Pete was driving so Pauline had a glass of their Elspeth One, the wine their winemaker Paddy believes to be their finest wine, and at 11.50 per glass it was certainly the most expensive wine we had ever bought by the glass. It is a merlot based blend and was certainly good but we both had a similar cautious reaction to it after trying several of the 'components' in the Elspeth range earlier. The reason came at the end when we found the wine in the glass had considerable sediment. Our reactions had been different, Pete had detected a slight harshness whilst Pauline had described it as dowdy. We commented and the manageress came over to explain that they they keep the wines under a blanket of inert gas (argon rather than the Nitrous Oxide which she said would cause a laugh with most visitors if she told them) to preserve them in the restaurant and draw from the bottom. Duh! She went on to say that they however decant all Elspeth wines when bought by the bottle in the restaurant. Check if you go to the restaurant and either drink whites, the excellent Reserve reds or buy a bottle if they have not changed their ways. Interestingly they have the same system available in the tasting rooms but, not surprisingly, do not use it. Olie also said that wine tasters can detect the difference in wines using an argon blanket as having a subtly different taste. Note: Looking back I wonder if in fact the wine was corked, it can happen to the best and the slight disquiet we felt and lack of consistency with its peers was very consistent with a slightly corked wine - I still do not feel a wine with a thick sediment at the end of the glass is attractive or acceptable but our critism of taste may have been misplaced.

Returning to the food, we really did not need a sweet but in the interest of a full report we forced ourselves and tried the "Ode to the Mighty Lemon' which was memorable - it did not seem anything would be able to compete with the earlier offerings but we were wrong. It consisted of a lemon halved and overfilled with a lemon confit ice cream with lemon peel, a burnt lemon cream topped with a crisp caramel and an indescribably rich lemon sauce (closest to a lemon curd but that does not do it justice) in a dark chocolate case. Overall a restaurant worthy of a considerable detour to enjoy even without the winery side.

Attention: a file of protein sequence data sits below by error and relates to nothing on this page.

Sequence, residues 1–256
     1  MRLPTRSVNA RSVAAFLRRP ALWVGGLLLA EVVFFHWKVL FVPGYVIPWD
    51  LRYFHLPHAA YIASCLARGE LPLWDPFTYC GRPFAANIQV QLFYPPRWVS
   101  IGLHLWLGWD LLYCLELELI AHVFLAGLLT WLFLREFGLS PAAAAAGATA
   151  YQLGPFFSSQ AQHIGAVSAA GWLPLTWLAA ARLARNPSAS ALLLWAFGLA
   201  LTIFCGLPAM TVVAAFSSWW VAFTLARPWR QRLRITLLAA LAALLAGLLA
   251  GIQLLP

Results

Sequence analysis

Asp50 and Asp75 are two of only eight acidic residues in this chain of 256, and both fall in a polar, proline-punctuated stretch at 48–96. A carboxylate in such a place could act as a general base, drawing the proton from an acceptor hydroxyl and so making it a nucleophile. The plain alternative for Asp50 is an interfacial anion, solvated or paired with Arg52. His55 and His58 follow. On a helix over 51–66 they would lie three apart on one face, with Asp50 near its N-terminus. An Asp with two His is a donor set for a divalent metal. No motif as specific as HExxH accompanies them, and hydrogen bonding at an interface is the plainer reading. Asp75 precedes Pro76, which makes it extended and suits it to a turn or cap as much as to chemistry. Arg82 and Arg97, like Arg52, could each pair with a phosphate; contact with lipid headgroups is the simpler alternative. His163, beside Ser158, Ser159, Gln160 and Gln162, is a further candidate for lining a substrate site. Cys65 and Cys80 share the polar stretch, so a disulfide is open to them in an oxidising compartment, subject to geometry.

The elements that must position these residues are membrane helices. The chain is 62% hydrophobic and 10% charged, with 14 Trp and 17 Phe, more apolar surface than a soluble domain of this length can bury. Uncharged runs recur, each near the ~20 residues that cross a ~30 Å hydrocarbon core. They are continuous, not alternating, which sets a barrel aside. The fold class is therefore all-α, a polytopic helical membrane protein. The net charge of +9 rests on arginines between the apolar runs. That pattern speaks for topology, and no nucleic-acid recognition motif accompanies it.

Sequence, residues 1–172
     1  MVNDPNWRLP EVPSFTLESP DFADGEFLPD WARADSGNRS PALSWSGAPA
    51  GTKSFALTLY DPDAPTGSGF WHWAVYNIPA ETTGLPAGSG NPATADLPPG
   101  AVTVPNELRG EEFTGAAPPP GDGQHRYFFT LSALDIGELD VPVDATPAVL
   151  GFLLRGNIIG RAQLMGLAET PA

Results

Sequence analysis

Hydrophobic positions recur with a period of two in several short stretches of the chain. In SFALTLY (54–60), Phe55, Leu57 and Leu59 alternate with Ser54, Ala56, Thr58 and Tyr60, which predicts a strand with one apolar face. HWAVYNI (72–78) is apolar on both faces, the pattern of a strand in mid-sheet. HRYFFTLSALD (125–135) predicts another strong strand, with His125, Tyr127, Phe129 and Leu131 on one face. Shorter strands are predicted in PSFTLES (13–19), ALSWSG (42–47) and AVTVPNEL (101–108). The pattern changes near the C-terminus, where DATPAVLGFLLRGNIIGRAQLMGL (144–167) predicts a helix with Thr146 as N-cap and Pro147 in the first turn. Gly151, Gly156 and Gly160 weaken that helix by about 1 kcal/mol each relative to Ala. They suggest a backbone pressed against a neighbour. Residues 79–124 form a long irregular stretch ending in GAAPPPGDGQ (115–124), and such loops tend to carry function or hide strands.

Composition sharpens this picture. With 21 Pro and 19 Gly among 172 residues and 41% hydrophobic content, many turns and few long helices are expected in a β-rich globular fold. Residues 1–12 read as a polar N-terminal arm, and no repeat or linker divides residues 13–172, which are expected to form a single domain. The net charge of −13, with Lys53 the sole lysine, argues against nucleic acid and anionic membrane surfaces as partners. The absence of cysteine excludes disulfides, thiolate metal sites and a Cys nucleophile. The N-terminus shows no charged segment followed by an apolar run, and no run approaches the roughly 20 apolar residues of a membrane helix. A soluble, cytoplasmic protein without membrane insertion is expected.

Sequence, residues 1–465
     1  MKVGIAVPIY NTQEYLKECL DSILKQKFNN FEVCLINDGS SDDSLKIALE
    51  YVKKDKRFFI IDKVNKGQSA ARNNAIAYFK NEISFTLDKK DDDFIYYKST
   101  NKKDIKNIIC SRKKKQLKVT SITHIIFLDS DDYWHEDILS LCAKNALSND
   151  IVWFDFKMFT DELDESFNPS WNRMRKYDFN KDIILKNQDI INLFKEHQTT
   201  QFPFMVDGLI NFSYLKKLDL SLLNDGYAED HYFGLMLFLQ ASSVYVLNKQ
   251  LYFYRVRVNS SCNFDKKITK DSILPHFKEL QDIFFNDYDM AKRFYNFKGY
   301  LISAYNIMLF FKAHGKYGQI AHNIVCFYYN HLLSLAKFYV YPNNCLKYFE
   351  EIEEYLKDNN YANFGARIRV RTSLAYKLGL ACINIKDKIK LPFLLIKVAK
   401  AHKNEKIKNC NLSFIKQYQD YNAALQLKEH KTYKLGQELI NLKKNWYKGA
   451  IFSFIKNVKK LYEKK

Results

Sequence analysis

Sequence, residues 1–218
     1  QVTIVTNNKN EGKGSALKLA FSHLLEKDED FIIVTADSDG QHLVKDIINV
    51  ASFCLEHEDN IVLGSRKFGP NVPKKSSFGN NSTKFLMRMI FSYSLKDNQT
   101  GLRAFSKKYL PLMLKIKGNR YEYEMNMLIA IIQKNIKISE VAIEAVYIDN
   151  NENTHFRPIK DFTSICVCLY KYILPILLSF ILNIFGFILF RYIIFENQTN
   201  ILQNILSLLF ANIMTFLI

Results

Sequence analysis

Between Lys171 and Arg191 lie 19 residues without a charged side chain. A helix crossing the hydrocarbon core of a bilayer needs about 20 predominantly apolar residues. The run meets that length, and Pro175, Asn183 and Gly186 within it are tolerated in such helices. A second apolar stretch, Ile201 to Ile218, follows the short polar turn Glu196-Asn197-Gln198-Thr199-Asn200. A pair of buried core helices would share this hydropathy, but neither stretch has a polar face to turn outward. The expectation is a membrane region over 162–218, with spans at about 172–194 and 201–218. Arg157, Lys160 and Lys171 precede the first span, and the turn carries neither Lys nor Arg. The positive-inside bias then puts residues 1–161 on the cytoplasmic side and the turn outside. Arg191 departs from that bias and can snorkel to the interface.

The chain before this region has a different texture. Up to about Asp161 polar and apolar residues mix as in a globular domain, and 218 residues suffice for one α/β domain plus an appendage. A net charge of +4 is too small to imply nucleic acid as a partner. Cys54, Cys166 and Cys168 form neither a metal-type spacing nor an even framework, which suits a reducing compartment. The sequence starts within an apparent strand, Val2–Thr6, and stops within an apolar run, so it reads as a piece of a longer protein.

We made very little ground back to Auckland and stopped at Waihi where we identified a book for Colin at Tokomaru from some pictures he had shown us. We tried the information office, the Sterling Hotel shown in one of the pictures and finally tracked it down thanks to the curator at the museum to be "Waihi - Glimpses of the Golden Past" compiled by D W Adams 1978, printed by Eldon press Paeroa (no ISBN). It was commonly available in Waihi but was now out of print and it is not available from the Advanced Book Exchange (www.abebooks.com). We stayed at a motor camp site close to the river on the outskirts of Waihi in a very new but very small cabin, a good move as some of the rain was impressive. The new owners had brought a range of farm animals, so the grass was mown by a flock of mixed sheep, and there were ducks and a pig in the paddock by the owners house. We would not want to use a tent here because of the friendly animals, but the little cabins are a good option.